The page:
The first thing is the one I really want to talk about. This is, to lean briefly on a cliché, how I discovered the true meaning of Christmas. Just over two years ago, I started dating a guy I met in my grad school dorm. Let’s call him The Geek. I somehow managed to impress his mother enough that, for our second Christmas together, Geek’s mom invited me to visit. And it was wonderful. I have never felt so happy at a family gathering. This probably has something to do with getting a large number of presents at once for the first time since a birthday in elementary school. It definitely has something to do with finally reaching my destination after an unpleasant night in an airport. It may also have something to do with the found-family effect—my own mother likes to invite all her relatives to things in an effort to keep the peace, which generally results in me spending hours making small talk with people around whom I am uncomfortable.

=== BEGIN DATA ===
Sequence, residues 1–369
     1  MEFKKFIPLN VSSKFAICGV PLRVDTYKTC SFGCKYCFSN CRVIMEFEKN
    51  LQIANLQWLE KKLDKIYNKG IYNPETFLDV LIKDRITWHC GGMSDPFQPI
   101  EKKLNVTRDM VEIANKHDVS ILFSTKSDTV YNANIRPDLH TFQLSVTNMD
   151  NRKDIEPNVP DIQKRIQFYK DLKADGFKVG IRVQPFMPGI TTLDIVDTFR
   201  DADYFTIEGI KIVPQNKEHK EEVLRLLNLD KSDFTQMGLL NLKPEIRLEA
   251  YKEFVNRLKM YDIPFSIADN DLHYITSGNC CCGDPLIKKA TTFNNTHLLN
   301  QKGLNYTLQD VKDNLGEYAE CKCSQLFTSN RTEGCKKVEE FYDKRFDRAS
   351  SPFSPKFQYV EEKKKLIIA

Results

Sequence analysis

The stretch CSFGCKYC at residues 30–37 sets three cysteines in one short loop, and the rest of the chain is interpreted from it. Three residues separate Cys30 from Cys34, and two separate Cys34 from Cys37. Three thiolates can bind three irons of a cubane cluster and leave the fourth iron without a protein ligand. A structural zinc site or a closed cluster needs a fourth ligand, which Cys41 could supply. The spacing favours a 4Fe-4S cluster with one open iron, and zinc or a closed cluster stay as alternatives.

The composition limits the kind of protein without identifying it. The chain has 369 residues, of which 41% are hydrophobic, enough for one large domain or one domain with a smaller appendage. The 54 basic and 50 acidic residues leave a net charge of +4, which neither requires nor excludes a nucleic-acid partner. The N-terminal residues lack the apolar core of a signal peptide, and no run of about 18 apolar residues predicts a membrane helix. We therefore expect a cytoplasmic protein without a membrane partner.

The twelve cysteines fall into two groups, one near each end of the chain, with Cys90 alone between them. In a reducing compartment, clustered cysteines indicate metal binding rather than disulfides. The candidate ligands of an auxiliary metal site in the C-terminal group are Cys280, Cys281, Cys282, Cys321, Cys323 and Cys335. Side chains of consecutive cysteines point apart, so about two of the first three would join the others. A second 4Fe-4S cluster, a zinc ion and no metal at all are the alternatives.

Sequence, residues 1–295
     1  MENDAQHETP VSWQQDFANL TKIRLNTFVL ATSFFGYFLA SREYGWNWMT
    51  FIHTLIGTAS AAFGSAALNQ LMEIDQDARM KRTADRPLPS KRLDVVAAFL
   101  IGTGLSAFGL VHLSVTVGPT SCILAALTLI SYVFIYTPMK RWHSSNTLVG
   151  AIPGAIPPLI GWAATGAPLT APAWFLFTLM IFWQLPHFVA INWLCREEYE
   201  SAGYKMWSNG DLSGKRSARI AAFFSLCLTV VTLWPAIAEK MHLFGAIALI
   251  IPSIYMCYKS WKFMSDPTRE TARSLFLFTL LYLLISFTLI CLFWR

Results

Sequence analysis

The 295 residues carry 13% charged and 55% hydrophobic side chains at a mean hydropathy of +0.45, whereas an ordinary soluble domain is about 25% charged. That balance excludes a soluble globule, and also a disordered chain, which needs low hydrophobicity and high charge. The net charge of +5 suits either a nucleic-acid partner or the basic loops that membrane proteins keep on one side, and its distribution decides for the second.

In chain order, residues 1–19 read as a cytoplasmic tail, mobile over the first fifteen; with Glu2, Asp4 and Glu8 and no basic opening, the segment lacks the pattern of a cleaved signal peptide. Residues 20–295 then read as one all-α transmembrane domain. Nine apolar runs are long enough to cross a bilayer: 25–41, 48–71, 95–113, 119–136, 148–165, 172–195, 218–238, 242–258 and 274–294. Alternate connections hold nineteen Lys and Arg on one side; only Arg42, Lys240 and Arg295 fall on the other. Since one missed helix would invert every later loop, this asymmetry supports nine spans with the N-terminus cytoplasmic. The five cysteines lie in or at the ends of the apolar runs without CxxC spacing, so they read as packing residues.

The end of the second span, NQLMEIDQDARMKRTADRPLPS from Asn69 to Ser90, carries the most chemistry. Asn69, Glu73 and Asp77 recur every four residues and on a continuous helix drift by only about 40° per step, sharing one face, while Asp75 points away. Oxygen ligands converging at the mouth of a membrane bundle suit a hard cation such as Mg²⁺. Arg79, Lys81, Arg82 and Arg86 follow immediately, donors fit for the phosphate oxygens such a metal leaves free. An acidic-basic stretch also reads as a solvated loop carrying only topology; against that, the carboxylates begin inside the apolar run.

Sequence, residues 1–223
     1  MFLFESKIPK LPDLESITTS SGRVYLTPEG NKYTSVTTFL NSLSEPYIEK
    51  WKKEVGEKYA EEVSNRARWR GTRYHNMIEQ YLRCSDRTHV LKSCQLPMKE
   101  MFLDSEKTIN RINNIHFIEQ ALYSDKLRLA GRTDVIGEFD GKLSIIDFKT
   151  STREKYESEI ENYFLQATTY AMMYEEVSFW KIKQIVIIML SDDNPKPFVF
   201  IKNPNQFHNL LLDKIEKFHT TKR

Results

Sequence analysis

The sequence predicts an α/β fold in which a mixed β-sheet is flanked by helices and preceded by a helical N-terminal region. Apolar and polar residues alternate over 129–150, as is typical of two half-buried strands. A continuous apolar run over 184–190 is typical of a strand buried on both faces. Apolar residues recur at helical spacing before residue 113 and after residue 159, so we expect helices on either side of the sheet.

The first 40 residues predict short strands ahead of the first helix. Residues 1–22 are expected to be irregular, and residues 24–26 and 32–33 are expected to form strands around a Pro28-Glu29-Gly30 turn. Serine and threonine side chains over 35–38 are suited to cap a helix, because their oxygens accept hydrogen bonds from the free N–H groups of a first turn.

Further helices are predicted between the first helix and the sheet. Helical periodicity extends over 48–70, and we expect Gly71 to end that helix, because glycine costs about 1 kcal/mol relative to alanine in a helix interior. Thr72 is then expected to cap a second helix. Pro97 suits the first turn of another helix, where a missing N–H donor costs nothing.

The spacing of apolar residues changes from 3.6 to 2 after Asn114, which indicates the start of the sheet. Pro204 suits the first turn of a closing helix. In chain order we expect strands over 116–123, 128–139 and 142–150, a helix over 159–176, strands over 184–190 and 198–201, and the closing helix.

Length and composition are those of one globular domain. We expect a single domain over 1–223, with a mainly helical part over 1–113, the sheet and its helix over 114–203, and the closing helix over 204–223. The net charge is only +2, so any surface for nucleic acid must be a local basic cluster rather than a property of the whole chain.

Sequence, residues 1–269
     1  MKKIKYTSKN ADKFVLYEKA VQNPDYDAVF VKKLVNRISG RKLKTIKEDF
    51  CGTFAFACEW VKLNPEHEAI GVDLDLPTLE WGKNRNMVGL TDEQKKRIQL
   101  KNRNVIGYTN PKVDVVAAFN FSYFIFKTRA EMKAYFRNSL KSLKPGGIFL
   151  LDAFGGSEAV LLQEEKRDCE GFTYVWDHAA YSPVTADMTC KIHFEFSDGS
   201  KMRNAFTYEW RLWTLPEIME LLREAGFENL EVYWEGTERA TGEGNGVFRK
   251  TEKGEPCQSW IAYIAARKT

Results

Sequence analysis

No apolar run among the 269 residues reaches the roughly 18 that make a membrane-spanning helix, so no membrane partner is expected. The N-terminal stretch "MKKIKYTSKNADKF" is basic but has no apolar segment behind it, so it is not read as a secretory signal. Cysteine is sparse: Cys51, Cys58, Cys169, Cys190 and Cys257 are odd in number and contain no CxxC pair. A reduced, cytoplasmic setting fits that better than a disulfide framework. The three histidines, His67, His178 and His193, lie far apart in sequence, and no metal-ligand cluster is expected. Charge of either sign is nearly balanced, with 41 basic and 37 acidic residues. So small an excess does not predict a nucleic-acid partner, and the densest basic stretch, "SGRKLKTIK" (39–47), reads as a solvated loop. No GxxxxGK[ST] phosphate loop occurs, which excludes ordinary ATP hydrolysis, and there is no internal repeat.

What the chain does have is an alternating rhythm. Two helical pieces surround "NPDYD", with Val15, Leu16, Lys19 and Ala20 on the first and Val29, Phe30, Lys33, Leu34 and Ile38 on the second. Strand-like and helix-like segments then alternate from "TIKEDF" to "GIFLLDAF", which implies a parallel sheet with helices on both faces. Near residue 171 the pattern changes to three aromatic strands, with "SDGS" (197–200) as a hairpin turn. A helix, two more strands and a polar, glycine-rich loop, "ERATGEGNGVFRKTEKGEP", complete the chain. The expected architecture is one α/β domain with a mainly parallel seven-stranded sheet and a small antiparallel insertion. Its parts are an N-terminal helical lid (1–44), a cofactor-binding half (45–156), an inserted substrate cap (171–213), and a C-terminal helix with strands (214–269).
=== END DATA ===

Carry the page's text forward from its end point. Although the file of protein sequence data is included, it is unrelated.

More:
But here’s where that cliché comes back. What made that Christmas special, and what I think the point of a good Christmas is, is that everybody made an effort to show that they cared about everyone else. What was gotten was neither more nor less than what was given, and everyone seemed really happy to be there—and happy that I, a relative stranger, was there. Even the cat let me feed him.